Maybe you have been in a situation in which you encountered a stray dog or cat that needed your help and you helped them. Maybe you couldn’t do it and you wondered what happened to them. Should you have interfered? Should you have left them alone? The truth is, it’s a tough call.
Not all dogs or cats we see in the streets need our help, and they all don’t need it in the same way. Some animals may need a home, some may need help returning to their home and some already have a home –even if doesn’t seem obvious to us. So what should we do? First of all, we should use our judgment and understand the specific situation. One formula that works in some cases, may not work in others.
Still, here are 8 useful tips in case you find a stray dog or cat wandering the streets.
1. ASSESS THE SITUATION
This is a very important point so you can actually spend your energy in an animal that really needs your help.
If you are in a country in which you don’t see dogs or cats wandering the streets at all, then when you see one, must likely it is lost and may need help getting back home. But if you are in a country in which strays are normal, make sure the dog or cat you want to help, really needs it. Check if they seem fed, hungry, healthy, sick, lost or if they seem to be in their neighborhood and happy about it.
2. ARE YOU WILLING TO STEP UP FOR THE ANIMAL?
There are several things to consider. If you take the dog or cat to a shelter, you may face the fact that they are overcrowded and there’s a chance the animal will be put down. Maybe you will need to foster it until a forever home is found. If you decide to adopt him/her that means you will need to cover all veterinary expenses.
If these are too many things to consider, you can always call animal control so they deal with the stray that needs help. In many places this also means that the animals end up in high kill overcrowded shelters.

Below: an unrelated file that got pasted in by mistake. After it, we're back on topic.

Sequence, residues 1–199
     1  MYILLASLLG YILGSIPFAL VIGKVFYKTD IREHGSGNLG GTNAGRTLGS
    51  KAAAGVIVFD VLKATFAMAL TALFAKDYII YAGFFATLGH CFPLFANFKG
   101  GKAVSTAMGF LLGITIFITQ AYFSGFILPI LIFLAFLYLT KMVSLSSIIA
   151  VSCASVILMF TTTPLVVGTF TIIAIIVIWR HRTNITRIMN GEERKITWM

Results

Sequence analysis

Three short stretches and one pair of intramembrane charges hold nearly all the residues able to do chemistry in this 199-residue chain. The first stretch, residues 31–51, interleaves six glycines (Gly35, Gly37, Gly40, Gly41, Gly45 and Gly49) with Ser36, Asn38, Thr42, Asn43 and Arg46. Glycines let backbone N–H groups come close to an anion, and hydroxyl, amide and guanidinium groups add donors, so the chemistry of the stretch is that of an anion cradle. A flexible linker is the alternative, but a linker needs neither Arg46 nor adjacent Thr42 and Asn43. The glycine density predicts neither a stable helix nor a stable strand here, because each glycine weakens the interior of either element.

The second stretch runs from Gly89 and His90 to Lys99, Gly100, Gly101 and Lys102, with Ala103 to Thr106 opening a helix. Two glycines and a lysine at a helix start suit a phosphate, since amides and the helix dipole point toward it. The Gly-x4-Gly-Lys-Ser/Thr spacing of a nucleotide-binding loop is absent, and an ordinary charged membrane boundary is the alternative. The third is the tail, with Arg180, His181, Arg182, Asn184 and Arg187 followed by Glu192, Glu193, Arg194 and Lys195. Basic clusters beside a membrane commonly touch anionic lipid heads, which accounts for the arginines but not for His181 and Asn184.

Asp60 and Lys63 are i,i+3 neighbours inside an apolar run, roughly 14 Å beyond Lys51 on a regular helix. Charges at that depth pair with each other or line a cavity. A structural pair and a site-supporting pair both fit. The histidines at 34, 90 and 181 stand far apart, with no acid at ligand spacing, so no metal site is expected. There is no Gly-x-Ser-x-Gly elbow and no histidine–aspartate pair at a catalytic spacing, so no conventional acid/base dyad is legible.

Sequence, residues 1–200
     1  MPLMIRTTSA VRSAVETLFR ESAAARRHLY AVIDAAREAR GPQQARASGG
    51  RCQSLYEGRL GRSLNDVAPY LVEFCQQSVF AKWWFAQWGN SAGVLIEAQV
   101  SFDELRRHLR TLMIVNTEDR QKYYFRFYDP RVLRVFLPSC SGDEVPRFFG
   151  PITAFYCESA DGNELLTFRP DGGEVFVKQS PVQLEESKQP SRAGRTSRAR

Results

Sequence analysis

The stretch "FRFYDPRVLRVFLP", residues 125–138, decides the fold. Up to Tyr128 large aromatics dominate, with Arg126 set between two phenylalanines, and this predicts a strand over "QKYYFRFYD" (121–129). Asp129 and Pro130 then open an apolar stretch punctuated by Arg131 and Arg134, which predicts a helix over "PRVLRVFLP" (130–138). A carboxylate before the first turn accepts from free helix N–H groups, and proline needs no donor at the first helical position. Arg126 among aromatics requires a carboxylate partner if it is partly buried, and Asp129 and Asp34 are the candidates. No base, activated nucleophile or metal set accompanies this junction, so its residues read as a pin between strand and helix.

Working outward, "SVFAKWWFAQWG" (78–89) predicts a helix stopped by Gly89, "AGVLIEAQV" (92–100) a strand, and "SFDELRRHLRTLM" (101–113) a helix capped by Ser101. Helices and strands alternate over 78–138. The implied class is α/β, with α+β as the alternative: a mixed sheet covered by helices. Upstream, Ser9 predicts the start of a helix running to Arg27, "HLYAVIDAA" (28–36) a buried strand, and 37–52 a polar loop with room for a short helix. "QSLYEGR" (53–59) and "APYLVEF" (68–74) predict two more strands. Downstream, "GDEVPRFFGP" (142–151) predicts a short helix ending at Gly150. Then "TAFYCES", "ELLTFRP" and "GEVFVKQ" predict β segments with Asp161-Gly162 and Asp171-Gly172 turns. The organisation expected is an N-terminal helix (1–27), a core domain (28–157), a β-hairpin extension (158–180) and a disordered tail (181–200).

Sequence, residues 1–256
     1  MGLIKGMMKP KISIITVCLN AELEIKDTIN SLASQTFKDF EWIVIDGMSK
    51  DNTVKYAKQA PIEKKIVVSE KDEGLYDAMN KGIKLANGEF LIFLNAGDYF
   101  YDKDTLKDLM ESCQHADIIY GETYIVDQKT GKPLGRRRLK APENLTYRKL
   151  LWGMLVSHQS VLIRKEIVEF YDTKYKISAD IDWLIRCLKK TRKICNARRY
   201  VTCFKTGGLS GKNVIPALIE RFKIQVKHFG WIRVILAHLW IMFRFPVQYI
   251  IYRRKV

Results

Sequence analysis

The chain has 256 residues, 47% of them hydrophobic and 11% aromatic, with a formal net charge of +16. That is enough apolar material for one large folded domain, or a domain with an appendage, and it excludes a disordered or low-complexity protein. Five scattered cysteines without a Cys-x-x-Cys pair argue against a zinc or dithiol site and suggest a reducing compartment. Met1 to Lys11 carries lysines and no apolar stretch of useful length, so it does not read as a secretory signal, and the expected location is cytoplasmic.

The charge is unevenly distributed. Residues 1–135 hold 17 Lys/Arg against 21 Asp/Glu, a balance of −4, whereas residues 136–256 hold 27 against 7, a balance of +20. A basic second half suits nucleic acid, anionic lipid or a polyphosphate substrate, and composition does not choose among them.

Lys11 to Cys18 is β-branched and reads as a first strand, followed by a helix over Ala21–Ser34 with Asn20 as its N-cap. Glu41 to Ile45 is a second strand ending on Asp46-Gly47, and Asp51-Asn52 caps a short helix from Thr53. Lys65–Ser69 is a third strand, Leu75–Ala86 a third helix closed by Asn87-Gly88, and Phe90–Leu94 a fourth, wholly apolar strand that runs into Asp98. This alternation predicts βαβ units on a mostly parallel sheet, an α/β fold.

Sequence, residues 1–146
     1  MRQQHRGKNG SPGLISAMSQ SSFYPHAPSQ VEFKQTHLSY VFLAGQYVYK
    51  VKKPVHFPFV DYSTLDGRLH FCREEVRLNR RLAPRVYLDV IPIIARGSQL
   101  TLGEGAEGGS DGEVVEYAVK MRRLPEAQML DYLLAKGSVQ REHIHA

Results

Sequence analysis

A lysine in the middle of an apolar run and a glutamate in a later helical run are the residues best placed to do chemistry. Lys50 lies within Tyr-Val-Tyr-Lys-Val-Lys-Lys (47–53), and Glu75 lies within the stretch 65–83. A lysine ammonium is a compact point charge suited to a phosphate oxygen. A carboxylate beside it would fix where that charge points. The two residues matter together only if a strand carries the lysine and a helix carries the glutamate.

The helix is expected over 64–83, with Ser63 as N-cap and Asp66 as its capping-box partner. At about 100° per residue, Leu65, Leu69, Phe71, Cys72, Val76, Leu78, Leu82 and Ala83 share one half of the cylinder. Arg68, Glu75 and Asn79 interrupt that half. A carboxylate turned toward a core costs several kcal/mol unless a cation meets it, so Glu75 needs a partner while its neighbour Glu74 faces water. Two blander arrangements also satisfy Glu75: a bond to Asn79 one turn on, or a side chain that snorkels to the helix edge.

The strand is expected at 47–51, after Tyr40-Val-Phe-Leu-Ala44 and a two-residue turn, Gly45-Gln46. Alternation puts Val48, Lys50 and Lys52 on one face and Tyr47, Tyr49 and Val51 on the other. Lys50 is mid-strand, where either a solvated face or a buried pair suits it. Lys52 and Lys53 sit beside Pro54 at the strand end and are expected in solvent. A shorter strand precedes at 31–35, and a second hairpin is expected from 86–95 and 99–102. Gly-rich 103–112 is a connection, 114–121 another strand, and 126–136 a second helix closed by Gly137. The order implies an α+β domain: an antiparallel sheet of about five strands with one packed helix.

Though it’s a sad reality, these are things to think about. But there are also great rescue stories of people or groups that went beyond their way to save an animal’s life. They were willing to step up for an animal in need.
3. CONSIDER SAFETY
In any situation you have to consider the safety of the dog or cat, your own safety and the safety of others. In a traffic situation, trying to help we may end up making things worse.
If you are driving and see the animal in the road, don’t panic –taking things slowly but efficiently will avoid anyone from getting hurt. Pull over off the road and put on the hazards lights. A scared animal can react unpredictably, so be careful not to make any sudden moves or sounds. You don’t want them running at the highway.
4. CONTAIN THE DOG OR CAT
This is a tricky one because not every animal is easy to contain, some may run away scared and if you try to catch them, you can make it worse. It’ always better to corner them subtly using a piece of clothing, a leash or a rope. If animals feel cornered too abruptly they may attack, so try to do it in a way in which they don’t notice they are being cornered.